Israeli minister meets Austrian FM, breaking boycott of far-right FPOe
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Israeli minister meets Austrian FM, breaking boycott of far-right FPOe

Though Karin Knessil notes talk at international forum was ‘unofficial,’ Yoav Galant becomes first cabinet member to hold contact with representative of controversial party

Minister of Housing and Construction Yoav Gallant speaks at a signing ceremony for an agreement to build new apartments in Haifa, March 19, 2018. (Flash90)
Minister of Housing and Construction Yoav Gallant speaks at a signing ceremony for an agreement to build new apartments in Haifa, March 19, 2018. (Flash90)

Housing Minister Yoav Galant met Monday with Austria’s Foreign Minister Karin Kneissl, becoming the first Israeli government official to engage in contact with representatives of the far-right Freedom Party (FPOe).

Kneissel tweeted a picture with Galant, writing that the two had an “unofficial” talk at a meeting of the Union for the Mediterranean in Barcelona.

She noted that the they “had an exchange of views on the Hebrew University of Jerusalem.” Kneissel once studied international relations at Hebrew University and speaks some Hebrew.

Israel has been boycotting the FPOe, though it is a member of Austria’s ruling coalition, due to its past as a haven for neo-Nazis and its current xenophobic policies.

Since FPOe’s rise to parliament in Austria’s 2017 election, Israel has maintained a policy of keeping official contact with the party at the civil service level only, avoiding any interaction with ministers, including Kneissl.

Kneissl is not a member of the FPOe, but is affiliated with the party and was nominated by FPOe to serve as foreign minister in the current government.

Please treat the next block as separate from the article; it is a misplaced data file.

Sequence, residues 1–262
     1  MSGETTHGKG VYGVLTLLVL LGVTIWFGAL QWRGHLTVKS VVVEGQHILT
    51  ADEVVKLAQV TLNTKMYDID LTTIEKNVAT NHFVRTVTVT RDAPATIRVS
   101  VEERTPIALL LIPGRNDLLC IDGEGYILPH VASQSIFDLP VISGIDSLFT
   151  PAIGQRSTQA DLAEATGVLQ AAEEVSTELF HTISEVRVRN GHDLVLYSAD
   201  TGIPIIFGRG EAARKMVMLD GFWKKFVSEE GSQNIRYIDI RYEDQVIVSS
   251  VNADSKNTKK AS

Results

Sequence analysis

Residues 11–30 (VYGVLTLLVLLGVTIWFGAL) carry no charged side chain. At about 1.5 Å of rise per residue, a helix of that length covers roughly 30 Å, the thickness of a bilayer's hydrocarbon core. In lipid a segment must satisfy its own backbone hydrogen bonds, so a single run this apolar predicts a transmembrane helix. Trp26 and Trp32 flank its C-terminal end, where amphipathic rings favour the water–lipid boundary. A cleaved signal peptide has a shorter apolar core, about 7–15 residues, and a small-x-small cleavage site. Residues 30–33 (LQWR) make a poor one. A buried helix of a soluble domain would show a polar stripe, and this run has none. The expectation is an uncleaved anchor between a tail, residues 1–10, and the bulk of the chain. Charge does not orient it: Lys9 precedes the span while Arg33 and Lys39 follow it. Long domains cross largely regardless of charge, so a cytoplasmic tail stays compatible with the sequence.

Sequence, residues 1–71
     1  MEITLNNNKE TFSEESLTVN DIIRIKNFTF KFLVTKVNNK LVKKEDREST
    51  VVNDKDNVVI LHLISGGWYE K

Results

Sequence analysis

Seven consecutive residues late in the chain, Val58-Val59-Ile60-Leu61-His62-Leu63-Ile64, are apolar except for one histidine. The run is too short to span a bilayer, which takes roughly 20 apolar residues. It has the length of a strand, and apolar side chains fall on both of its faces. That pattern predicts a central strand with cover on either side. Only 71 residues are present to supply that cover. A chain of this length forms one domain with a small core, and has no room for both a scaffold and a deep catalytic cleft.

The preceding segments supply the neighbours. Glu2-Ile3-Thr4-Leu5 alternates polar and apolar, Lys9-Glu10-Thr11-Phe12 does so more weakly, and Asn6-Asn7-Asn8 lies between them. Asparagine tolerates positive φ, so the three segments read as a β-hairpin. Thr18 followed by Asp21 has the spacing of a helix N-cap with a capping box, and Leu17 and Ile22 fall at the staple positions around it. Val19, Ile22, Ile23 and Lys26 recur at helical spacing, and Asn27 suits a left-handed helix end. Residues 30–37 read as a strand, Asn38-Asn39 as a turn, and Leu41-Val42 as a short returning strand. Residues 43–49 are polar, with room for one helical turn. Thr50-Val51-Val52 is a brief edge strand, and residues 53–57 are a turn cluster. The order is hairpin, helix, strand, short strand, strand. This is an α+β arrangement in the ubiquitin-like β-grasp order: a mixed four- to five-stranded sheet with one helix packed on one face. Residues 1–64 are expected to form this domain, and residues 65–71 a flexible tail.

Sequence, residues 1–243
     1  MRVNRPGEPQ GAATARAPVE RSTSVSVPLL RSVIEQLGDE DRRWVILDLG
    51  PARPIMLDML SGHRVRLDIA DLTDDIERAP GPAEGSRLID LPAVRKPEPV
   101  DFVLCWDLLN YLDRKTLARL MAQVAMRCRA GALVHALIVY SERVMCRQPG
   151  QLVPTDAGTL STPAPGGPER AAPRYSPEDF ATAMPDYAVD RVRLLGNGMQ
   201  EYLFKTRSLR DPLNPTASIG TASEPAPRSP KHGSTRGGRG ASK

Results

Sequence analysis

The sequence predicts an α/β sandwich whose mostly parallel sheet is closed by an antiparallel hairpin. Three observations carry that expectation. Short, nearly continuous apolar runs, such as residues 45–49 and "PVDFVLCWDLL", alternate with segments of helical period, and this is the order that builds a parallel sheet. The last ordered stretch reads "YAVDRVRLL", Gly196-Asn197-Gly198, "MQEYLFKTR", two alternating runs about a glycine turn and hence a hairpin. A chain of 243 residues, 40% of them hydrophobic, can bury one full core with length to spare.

Despite the Freedom Party’s inclusion in the government, Austria and Israel have moved significantly closer since Austrian Chancellor Sebastian Kurz’s election.

In September, Prime Minister Benjamin Netanyahu met with Kurz on the sidelines of the UN General Assembly in New York.

Netanyahu said Kurz had briefed him on steps taken by the Austrian government to strengthen ties with the Jewish community in the country and to safeguard the community and its history. He also praised him for the efforts to counter anti-Semitism, including the shutting down of a far-right magazine “Die Aula.”

Prime Minister Benjamin Netanyahu meets with Austrian Chancellor Sebastian Kurz on September 26, 2018, in New York on the sidelines of the UN General Assembly. (Avi Ohayun/GPO)

Ahead of the meeting, Israel Radio reported that the two would likely discuss ending Israel’s boycott of the FPOe. Specifically, the report said Israel was likely to end its boycott of Kneissl. However, it is not clear whether the matter was indeed discussed.

Austrian Jews are staunchly opposed to the party, arguing that it has not done enough to distance itself from its anti-Semitic past and that it still promotes problematic positions.

Founded in 1956, it emerged from the short-lived Federation of Independents, launched after World War II by former Nazis who had been stripped of their voting rights. Its first chief was an ex-officer from the Waffen SS and its last one was Joerg Haider, the controversial son of a former Nazi party official.

Haider attracted negative publicity by praising the Third Reich’s “orderly” employment policy, calling SS veterans “decent people” and describing concentration camps as “punishment camps.” He was killed in a car crash in 2008.

Under FPOe’s current leader, Heinz-Christian Strache, now Austria’s vice chancellor, the party has made strides to distance itself from pro-Nazi views and has adopted strong pro-Israel positions.

In December, Strache said Vienna was “striving for an honest, sustainable, and friendly contact with Israel,” and vowed his far-right party would be “an essential partner in Europe’s fight against anti-Semitism.”

Signs of the thaw were visible when Kurz visited Israel in June.

During that visit he vowed to advocate for Israel in Europe, which often takes an anti-Israel stance.

“We Austrians know that in light of our own history, we have a special responsibility toward Israel and the Jewish people,” Kurz said at the time “I can assure you that Austria will fight all forms of anti-Semitism in Europe with determination, be it still an existing one, or also newly imported anti-Semitism.”

Raphael Ahren contributed to this report.

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